As we have mentioned corruption is rampant on both sides of the border, here is an exert from Abel Danger on the Clinton Foundation and its connection to BC and an oil company formerly known as Pacific Rubiales Energy.
"The Clintons' "poison dwarf" The story of the oil and gas exploration company Pacific Rubiales Energy Corp., and its highly profitable Colombian adventure, centers on a graying, five-foot-tall Canadian investor named Frank Giustra. He made his first fortune in Vancouver brokerage circles where Adrian du Plessis, a former stock-fraud investigator, says that Giustra was known as the "Poison Dwarf" – a reference to Giustra's short build and Giustra's reputed penchant for deals that du Plessis said were toxic to his buyers but profitable to him. (After his public divestment from Pacific Rubiales, the company went bankrupt and changed names.) Giustra co-founded Lionsgate Films [in fact, interloper Frank Giustra hijacked the original company LionsGate from co-founder Stephen Shellen via treacherous co-founder John A. Hardy, a Vancouver lawyer, starting in 1995], wrote the lyrics for a song by Canadian singer/songwriter Sarah McLachlan [don't give up your day job as a mobster, Frankie], and recently signed on as an executive producer of the upcoming Blade Runner sequel.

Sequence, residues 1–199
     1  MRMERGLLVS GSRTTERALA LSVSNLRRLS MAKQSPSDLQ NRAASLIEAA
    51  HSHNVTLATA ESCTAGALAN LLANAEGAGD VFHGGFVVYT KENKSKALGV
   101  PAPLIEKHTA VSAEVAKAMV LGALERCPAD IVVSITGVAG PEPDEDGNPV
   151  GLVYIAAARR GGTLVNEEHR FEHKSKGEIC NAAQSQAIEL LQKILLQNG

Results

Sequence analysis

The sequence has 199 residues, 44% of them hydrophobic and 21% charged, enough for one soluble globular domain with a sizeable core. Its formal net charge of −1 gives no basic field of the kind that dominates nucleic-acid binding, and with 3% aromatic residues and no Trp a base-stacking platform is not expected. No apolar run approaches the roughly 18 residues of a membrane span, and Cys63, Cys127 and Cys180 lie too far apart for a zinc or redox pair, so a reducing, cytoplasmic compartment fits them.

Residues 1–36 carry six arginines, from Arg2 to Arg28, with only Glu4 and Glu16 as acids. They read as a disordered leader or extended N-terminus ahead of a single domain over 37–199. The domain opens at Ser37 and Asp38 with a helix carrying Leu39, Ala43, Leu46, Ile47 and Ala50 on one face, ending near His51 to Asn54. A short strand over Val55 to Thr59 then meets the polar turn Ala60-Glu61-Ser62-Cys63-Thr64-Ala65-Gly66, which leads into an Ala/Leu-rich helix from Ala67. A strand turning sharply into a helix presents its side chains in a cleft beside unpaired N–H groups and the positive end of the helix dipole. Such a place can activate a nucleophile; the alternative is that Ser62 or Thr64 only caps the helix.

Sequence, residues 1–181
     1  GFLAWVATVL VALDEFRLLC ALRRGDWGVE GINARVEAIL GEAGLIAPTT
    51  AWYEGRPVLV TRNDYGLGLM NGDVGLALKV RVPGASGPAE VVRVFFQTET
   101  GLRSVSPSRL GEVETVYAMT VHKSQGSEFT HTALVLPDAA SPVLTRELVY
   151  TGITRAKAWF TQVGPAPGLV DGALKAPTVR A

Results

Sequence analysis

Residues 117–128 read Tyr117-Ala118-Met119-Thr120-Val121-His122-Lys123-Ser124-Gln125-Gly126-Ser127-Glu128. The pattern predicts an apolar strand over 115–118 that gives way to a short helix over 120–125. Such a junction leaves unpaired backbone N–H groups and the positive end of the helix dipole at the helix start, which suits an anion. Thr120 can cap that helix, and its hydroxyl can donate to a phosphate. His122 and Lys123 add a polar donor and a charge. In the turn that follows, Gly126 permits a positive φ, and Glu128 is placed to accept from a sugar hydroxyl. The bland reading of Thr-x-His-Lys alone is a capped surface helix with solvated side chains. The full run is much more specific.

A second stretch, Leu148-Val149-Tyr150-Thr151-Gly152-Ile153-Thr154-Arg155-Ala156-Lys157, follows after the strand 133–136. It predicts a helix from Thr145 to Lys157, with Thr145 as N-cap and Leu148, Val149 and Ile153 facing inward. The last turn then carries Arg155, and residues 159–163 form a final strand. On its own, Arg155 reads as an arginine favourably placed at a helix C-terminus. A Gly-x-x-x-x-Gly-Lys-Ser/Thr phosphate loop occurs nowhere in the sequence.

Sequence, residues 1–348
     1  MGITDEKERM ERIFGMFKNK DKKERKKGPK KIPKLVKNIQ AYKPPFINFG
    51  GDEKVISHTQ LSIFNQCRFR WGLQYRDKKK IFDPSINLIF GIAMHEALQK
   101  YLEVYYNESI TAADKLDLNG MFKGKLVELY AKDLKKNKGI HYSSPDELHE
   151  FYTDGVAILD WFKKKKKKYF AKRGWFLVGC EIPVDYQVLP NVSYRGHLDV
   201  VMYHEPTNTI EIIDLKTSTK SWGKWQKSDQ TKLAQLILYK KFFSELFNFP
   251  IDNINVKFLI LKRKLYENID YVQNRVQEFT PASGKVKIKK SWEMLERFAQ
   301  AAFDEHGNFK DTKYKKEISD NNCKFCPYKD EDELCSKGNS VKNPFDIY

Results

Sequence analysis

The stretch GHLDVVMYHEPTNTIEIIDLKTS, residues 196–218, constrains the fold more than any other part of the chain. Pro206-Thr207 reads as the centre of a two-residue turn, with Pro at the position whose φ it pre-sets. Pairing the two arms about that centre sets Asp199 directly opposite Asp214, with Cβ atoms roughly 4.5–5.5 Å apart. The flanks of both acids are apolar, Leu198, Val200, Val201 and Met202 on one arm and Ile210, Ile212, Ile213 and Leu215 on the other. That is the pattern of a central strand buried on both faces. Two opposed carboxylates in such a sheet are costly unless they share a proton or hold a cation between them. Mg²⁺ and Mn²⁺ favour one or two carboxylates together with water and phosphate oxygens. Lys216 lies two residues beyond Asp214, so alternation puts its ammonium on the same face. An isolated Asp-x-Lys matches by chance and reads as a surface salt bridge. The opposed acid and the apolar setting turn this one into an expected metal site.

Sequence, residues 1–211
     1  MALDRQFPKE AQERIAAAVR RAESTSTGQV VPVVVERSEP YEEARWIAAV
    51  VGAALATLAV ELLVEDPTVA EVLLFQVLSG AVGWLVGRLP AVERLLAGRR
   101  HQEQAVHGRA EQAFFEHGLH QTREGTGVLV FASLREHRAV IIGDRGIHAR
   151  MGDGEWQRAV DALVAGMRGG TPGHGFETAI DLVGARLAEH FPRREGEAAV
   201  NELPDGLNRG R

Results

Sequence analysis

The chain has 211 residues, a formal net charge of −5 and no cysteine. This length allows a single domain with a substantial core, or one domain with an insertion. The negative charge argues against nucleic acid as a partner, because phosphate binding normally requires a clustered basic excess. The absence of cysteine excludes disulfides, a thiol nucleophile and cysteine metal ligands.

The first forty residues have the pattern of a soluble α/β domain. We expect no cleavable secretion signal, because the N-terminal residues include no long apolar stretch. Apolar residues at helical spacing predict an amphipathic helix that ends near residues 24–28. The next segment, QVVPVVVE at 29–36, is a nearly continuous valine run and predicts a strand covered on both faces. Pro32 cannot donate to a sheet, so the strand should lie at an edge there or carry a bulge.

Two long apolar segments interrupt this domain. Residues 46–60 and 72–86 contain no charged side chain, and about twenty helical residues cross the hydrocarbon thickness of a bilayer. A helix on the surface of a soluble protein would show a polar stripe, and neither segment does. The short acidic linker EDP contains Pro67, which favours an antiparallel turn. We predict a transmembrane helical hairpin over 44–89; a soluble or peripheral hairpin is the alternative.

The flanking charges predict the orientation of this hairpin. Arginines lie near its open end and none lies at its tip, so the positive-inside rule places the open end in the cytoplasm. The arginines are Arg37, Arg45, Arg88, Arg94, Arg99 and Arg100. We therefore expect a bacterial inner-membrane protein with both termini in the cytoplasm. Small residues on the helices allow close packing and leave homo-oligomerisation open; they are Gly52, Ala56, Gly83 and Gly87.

Giustra's relationship with the Clintons began in January 2005, when Bill Clinton spoke at a Giustra-organized fundraiser for Asian tsunami victims. The pair hit it off; later that year, Giustra's private jet took Clinton to South America to deliver four speeches, where the former president collected some $800,000. Giustra also organized a 60th birthday bash for Bill Clinton, booking Jon Bon Jovi and others for the event, according to The New York Times.
Clinton brought to the friendship three things that Giustra lacked: prestige, charisma, and global contacts with heads of state in resource-rich countries. The Clinton Foundation disputes this characterization of the former president's relationship with Giustra, saying Fusion pointed "to no actual contacts [Giustra] made through President Clinton." Many of the governments with whom they partnered are not known for the sort of transparency, good governance, and democracy that Bill and Hillary Clinton routinely call for when discussing American foreign policy.